Expanding the Potential of Mammalian Genome Engineering via Targeted DNA Integration

Meng Zhang, Che Yang, Ipek Tasan, Huimin Zhao

Research output: Contribution to journalArticlepeer-review


Inserting custom designed DNA sequences into the mammalian genome plays an essential role in synthetic biology. In particular, the ability to introduce foreign DNA in a site-specific manner offers numerous advantages over random DNA integration. In this review, we focus on two mechanistically distinct systems that have been widely adopted for targeted DNA insertion in mammalian cells, the CRISPR/Cas9 system and site-specific recombinases. The CRISPR/Cas9 system has revolutionized the genome engineering field thanks to its high programmability and ease of use. However, due to its dependence on linearized DNA donor and endogenous cellular pathways to repair the induced double-strand break, CRISPR/Cas9-mediated DNA insertion still faces limitations such as small insert size, and undesired editing outcomes via error-prone repair pathways. In contrast, site-specific recombinases, in particular the Serine integrases, demonstrate large-cargo capability and no dependence on cellular repair pathways for DNA integration. Here we first describe recent advances in improving the overall efficacy of CRISPR/Cas9-based methods for DNA insertion. Moreover, we highlight the advantages of site-specific recombinases over CRISPR/Cas9 in the context of targeted DNA integration, with a special focus on the recent development of programmable recombinases. We conclude by discussing the importance of protein engineering to further expand the current toolkit for targeted DNA insertion in mammalian cells.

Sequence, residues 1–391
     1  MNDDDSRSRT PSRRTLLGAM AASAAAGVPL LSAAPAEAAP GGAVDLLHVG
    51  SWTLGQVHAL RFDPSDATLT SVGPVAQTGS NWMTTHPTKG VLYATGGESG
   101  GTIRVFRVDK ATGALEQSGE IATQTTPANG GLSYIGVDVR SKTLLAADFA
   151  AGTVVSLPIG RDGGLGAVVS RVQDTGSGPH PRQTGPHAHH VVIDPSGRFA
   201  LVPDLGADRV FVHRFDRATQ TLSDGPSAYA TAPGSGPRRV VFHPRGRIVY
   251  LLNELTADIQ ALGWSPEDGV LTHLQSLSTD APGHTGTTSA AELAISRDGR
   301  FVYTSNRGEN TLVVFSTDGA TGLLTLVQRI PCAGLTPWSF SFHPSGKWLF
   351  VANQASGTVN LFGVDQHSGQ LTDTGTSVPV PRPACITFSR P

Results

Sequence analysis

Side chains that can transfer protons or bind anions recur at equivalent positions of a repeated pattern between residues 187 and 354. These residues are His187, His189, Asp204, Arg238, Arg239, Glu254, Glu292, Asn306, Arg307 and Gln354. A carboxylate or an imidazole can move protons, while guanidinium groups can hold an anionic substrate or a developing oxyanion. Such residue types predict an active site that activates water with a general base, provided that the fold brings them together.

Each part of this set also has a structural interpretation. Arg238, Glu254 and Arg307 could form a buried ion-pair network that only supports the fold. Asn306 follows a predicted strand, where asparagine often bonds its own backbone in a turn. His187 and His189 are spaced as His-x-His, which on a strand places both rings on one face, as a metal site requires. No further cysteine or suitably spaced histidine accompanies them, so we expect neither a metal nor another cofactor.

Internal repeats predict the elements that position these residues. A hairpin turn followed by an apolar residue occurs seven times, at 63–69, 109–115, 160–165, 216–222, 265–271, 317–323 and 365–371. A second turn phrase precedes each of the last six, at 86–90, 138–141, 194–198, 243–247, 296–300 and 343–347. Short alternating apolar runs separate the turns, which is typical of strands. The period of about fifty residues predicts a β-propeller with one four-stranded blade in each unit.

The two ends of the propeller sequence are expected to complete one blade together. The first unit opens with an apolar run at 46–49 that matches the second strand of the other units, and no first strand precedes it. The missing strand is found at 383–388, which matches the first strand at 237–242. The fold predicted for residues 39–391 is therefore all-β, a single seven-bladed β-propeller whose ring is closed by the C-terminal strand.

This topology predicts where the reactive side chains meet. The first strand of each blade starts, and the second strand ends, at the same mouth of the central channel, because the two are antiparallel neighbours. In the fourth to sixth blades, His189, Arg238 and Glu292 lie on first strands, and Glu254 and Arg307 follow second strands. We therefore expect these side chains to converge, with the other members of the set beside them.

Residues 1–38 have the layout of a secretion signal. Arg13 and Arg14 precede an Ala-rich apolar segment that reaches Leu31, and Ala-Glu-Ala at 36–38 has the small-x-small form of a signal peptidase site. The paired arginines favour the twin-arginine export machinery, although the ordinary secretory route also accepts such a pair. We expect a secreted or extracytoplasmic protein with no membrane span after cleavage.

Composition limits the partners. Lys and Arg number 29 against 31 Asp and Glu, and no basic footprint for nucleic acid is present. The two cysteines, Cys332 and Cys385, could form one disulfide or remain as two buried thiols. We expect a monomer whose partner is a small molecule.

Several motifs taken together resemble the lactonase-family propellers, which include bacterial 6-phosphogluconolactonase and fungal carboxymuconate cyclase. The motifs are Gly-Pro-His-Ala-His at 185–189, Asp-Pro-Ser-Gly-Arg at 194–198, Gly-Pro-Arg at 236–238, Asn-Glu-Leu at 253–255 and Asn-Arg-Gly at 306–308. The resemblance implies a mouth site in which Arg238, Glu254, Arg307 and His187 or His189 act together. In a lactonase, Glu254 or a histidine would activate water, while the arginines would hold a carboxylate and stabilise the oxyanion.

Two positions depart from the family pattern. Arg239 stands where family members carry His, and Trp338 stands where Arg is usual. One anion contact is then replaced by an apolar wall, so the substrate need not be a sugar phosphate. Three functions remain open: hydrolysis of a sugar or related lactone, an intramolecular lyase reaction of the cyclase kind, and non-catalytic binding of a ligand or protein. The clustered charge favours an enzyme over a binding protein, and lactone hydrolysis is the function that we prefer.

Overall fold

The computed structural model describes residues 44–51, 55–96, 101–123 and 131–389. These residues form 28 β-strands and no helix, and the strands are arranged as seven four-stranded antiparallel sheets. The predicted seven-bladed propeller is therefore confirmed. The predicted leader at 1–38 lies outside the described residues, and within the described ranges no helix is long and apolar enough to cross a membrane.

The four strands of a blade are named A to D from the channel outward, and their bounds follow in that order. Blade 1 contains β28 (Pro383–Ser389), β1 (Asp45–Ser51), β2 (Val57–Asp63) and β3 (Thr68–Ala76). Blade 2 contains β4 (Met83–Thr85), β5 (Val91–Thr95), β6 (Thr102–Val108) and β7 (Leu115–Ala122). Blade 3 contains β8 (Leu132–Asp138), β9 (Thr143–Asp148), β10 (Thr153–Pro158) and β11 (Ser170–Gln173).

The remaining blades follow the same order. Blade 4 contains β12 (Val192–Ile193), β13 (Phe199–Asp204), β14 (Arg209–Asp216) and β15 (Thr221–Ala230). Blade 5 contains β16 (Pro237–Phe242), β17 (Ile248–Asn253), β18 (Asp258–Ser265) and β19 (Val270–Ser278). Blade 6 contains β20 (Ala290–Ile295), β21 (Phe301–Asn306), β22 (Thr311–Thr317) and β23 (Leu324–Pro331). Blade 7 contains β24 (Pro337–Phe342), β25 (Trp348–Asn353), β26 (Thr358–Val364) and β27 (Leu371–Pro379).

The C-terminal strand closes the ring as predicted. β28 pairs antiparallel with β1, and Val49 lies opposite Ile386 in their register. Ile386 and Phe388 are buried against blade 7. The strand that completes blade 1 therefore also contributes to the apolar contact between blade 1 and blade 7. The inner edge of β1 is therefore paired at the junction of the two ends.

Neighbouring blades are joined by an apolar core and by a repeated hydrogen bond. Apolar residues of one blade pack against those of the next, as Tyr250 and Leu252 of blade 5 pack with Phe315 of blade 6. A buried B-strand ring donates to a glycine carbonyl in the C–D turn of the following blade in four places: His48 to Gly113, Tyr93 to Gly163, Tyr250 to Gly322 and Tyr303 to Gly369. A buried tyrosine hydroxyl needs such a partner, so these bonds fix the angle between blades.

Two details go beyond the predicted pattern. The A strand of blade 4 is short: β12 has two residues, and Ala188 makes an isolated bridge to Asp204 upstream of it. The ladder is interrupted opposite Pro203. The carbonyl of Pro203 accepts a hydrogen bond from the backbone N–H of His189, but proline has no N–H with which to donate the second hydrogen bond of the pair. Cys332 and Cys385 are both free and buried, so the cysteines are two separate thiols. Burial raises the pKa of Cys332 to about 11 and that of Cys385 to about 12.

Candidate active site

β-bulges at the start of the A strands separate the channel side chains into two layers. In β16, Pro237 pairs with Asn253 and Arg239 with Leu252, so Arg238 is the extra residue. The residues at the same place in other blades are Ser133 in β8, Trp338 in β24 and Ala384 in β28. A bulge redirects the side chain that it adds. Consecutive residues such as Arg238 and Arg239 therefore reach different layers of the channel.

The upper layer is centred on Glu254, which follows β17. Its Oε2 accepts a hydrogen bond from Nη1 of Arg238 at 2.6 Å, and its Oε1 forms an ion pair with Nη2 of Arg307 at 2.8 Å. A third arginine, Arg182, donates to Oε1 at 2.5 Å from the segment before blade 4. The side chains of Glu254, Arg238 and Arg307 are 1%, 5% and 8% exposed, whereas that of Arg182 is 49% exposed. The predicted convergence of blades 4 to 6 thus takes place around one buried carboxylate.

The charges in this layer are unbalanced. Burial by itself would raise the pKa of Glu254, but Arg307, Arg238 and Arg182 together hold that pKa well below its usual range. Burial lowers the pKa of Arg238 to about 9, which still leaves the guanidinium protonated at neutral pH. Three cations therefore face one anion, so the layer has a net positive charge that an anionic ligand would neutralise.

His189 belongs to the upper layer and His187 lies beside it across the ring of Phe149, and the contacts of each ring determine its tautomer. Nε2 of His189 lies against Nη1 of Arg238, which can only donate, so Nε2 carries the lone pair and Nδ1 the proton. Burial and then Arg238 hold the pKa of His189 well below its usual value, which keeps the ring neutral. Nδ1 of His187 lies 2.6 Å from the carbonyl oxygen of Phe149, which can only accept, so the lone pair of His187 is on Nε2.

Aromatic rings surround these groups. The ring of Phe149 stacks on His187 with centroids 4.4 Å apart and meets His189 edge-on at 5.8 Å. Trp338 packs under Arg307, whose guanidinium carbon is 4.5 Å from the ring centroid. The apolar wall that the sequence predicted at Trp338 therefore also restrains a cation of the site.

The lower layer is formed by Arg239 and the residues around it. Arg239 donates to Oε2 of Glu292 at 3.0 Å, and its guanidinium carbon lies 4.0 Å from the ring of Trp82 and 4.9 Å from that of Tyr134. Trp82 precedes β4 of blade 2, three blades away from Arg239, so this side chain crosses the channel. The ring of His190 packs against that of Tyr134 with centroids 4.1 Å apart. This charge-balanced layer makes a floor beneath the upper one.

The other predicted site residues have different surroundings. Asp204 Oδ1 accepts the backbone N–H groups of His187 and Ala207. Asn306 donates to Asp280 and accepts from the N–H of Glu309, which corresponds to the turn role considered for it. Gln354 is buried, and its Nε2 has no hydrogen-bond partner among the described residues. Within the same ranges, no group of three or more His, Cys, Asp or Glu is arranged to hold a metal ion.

Original languageEnglish (US)
Pages (from-to)429-446
Number of pages18
JournalACS synthetic biology
Issue number3
StatePublished - Mar 19 2021


  • CRISPR/Cas9
  • programmable integrase
  • protein engineering
  • site-specific recombinases
  • targeted DNA integration

ASJC Scopus subject areas

  • Biomedical Engineering
  • Biochemistry, Genetics and Molecular Biology (miscellaneous)


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